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MariaDB had the wonderful idea of jumping from 5.5 to 10.x, making some applications to break. If you look at the source code for MHA, the place where you are getting your error, you can read: # The following servers can not be master: # - dead servers # - Set no_master in conf files (i.e. DR servers) # - log_bin is disabled # - Major version is not the ...


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You can create a username and password also provide grant access to them. so that all clients can access the mysql from their local by using the username and password provided by you. CREATE USER 'newuser'@'%' IDENTIFIED BY 'password'; GRANT ALL PRIVILEGES ON * . * TO 'username'@'%';


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Set lower_case_table_names=1 on the Linux server before importing, this will convert all databases to lower case and new queries will use lower case, too. You can see it here. Your problem arises from the fact that the default value on Mac is 2 (names are not case sensitive when queried, but they are when stored) but 0 on Unix/Linux (names are always case ...


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When you run a query in MySQL Workbench you get actually 2 times in the action output window. The headeing also shows what they are for: There's the execution time on the server (which is probably your ~16s) and the, usually much larger, fetch time, to transport the data from the server to the client. With millions of records that can easily take minutes ...


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Please try the below query, REPAIR TABLE 'nagios_servicechecks' Try the above query in terminal or check the below link to repair table or databases via phpmyadmin http://php.about.com/od/mysqladministration/qt/repair_mysql.htm


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GOT IT! I had to explicitly set my PHP variable types to integer after normalizing them from the Http POST function... settype($foo, "integer"); ...and then use them in the MySQL query.


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Maybe this: $sql = "INSERT INTO Taskers (Taskers.MemberID, Taskers.EventID) VALUES (".$memberid.",".$eventid.")";


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Yes, for that particular statement, MySQL knows how many rows are going to be inserted, and a lock and/or a mutex is used to retrieve the ids to be inserted at the start of the query. It is fully deterministic and values will be consecutive. However, depending on the variable innodb_autoinc_lock_mode, other non-trivial inserts like insert... on duplicate ...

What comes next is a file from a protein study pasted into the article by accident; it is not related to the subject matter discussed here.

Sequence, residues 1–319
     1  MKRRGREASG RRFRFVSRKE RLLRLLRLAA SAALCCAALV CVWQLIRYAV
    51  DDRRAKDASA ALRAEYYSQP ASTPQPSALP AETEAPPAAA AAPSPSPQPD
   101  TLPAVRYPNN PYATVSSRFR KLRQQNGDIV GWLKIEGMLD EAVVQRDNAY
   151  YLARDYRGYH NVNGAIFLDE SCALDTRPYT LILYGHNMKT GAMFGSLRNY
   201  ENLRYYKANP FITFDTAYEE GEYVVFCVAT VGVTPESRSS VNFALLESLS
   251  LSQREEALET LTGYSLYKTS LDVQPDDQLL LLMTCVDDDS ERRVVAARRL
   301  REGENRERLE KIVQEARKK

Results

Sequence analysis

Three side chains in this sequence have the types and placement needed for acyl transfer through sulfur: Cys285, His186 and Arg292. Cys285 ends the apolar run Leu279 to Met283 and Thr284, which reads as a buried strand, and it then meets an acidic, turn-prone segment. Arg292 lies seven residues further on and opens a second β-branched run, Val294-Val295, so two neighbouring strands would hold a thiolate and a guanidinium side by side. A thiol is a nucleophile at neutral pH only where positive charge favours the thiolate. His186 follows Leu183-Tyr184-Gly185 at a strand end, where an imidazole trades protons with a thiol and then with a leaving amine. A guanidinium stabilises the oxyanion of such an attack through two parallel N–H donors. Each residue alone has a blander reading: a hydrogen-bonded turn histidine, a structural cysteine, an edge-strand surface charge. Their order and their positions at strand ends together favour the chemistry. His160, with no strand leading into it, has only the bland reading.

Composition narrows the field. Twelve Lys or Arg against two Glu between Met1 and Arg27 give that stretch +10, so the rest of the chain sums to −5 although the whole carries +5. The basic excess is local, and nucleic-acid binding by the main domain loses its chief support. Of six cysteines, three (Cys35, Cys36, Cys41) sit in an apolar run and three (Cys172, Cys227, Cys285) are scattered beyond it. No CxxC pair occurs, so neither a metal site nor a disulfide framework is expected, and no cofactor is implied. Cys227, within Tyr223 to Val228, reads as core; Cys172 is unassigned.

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I have dealt with Circular Replication with three nodes before. Here are my posts: May 07, 2012 : Setting Circular Replication in mysql (From Scratch) Sep 24, 2012 : Setting up MySQL circular replication in existing replication topology? (Takes a Master with Two Slaves and converts the topology to Three-Node Circular Replication) I remember a client I ...


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The 16.04 seconds is a timer on the client that measures the amount of time that passed between the call and the execution of the query (if you want to be more specific than that, the wall clock time between calling start_timer() and mysql_end_timer(), something that can lead to hilarious results like this one I got). The reason that you think that it took ...


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I have executed the very same query on 5.6.14 and got a positive result: alter table candidate_candidate add column responsible_user_id int, algorithm=INPLACE, lock=NONE; Query OK, 0 rows affected (0.48 sec) Records: 0 Duplicates: 0 Warnings: 0 So I am sure that this kind of operation can be done online. You are probably experiencing some of the ...


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The answer to this is very straightforward. The two slaves must have the same server_id. I wrote about this 2 years ago (Screwed up replication by sharing server ids). In that post, I quoted Baron Schwartz's blog Pop quiz: how can one slave break another slave. The quick-and-dirty solution ? Change the second slave's server_id. For example, if the master's ...


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InnoDB tables, unlike MyISAM*, cannot be "just copied away", as part of its data dictionary (and potentially other structures the table is depending on, like the merge buffer) are located in memory (if the server is running) and in the common/main tablespace, a.k.a. that large file called ibdata1. If you are using Percona Server >=5.1 or MySQL >= 5.6, there ...


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I agree with previous answer from Jynus. MariaDB is pretty straightforward to install and there are many how to topics to do inplace replacements of MySQL (You dont need to worry much, all the utilities and commands you know are the same) For example, from MariaDB site itself MariaDB Upgrade. You can also simulate a MariaDB/Percona/MySQL configuration with ...


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Suppose you have mydb.mytb and you want to create mydb.mytbcopy I have five(5) approaches to doing this copy APPROACH #1 In the mysql client, run the following USE mydb CREATE TABLE mytbcopy LIKE mytb; INSERT INTO mytbcopy SELECT * FROM mytb; APPROACH #2 MYSQL_USER=root MYSQL_PASS=rootpassword MYSQL_CONN="-u${MYSQL_USER} -p${MYSQL_PASS}" mysql ...


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There are multiple reason why you wouldn't want to do multimaster replication in a circular fashion, but most of them can be summarized in one: You will have 3 different single points of failure. Check this article (which is exactly what you asked for, but probably not what you want). Standard replication is very prone to drifts in data, as it is ...


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You have not uninstalled MySQL-server-5.6.19-1.rhel5.x86_64 and MySQL-server, maybe others. Please do not remove manually package files, as that would only make thing more problematic. I quote a similar answer I wrote some time ago: Search for mysql-related packages that are now installed: rpm -qa | grep -i mysql Delete any packages like mysql, ...